Urban Planning in a Multicultural Society

By Michael A. Burayidi | Go to book overview

Fifth, the town government offices should be relocated from Be'er Sheva to the town itself, giving residents a greater sense of access to, and participation in, the future of the town's planning and development.

Sixth, the town's social welfare planners should take a more direct and active approach in engaging more new residents to use their programs and initiatives. A "resettlement committee" should be available to help prepare families for moving, as well as provide follow-up services following their relocation.

In the final analysis, what continues to be most lacking in Segev Shalom and the other bedouin towns is a foundation for the establishment of communal-led civil institutions. Such a foundation, which might include the creation of formal or informal brotherhoods, religious associations, cooperatives, women's groups, or other community organizations that exist independently of the State-controlled superstructure, is lacking in the Negev bedouin case. That there are few such structures is emblematic of the community's current lack of a civil power base. Together such components are essential in helping form a basis for development through self-help, which can only further assist minority groups such as the bedouin in achieving self-determination and control heretofore absent from traditionally undertaken top-down planning initiatives.

It may be concluded, then, that further research on the development of bedouin civil society, including an emphasis upon how to help the bedouin community to help itself, is essential in ultimately furthering the social and economic development capacity of the resettlement initiative as a whole. A greater appreciation on the part of Israel's planners of how such civil entities can be developed may in turn facilitate the empowerment of the community. Such planning can benefit planners and residents alike, so that one day community members might run their own affairs, direct their own planning and development, and ultimately determine their own (hopefully) bright future.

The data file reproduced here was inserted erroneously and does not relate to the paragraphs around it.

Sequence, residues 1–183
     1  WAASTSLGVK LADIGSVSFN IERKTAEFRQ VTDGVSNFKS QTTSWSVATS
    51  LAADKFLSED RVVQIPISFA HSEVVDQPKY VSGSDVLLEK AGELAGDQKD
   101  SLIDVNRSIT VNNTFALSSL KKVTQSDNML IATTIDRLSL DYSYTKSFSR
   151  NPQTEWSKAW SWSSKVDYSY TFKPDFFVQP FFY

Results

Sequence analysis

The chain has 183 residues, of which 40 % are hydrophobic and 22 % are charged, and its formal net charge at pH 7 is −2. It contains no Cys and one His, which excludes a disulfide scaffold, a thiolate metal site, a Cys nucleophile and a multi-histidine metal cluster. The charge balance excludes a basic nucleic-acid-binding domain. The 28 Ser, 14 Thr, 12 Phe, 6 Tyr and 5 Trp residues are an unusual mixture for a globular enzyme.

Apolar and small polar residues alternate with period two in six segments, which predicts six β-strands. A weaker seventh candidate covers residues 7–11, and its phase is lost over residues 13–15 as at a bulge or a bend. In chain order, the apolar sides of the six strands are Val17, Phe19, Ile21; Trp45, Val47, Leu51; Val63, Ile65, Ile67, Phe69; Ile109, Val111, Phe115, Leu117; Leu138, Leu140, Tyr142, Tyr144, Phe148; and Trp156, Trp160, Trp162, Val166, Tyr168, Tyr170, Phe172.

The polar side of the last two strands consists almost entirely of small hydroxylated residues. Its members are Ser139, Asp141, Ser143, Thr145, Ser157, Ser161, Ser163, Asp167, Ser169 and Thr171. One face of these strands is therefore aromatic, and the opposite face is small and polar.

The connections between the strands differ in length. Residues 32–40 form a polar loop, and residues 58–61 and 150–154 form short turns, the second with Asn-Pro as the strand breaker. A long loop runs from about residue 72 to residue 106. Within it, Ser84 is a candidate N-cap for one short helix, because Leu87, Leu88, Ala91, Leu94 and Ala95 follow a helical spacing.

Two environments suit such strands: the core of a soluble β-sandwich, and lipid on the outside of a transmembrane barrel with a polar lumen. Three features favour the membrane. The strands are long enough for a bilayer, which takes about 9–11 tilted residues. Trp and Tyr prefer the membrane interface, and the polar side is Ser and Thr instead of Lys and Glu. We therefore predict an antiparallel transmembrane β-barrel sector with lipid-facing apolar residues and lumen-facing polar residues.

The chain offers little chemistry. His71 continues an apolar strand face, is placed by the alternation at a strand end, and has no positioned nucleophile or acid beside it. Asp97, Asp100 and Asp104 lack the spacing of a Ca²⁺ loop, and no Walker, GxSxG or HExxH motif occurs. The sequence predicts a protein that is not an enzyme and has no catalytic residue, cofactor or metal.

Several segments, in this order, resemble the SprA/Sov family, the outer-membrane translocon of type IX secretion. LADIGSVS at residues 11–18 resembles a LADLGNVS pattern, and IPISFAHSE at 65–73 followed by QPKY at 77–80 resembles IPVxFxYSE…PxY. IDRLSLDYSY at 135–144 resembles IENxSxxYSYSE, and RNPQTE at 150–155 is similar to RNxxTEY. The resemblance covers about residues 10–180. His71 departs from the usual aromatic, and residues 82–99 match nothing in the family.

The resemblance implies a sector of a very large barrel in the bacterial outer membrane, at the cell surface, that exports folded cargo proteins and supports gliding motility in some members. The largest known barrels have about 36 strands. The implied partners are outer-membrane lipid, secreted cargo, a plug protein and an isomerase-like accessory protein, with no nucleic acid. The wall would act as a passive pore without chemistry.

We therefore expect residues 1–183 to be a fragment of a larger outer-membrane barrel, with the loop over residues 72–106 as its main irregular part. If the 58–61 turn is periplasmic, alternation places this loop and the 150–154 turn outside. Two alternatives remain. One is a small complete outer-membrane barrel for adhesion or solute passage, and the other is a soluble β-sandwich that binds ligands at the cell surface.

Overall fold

NOTES
1
Throughout the chapter, the Hebrew name of the town, Segev Shalom, will be used rather than the Arabic name, Shqeb. This is done both for the purposes of consistency with published town plans and documents, as well as the recognition that the name Shqeb also denotes a large spontaneous area of settlement that extends well beyond the town limits.
2
These are Rahat, Tel Sheva, K'seifa, Aroer, Hura, Laqia, and Segev Shalom.
3
Reliable population statistics regarding the Negev Bedouin are not easily acquired. A more modest estimate places the 1995 population at 90,000; 55,000 in towns and 35,000 in the periphery ( Fenster 1996:48-49).
4
One recent study found an even higher rate, with as many as 40 percent of an urban school's pupils coming from polygynous marriages ( Jerusalem Report, May 15, 1997).
5
Previous calls for this provision, such as those noted in the 1993 survey analysis results that were submitted to the Masos Regional Council ( Dinero 1996a: 115), have gone unheeded.

-189-

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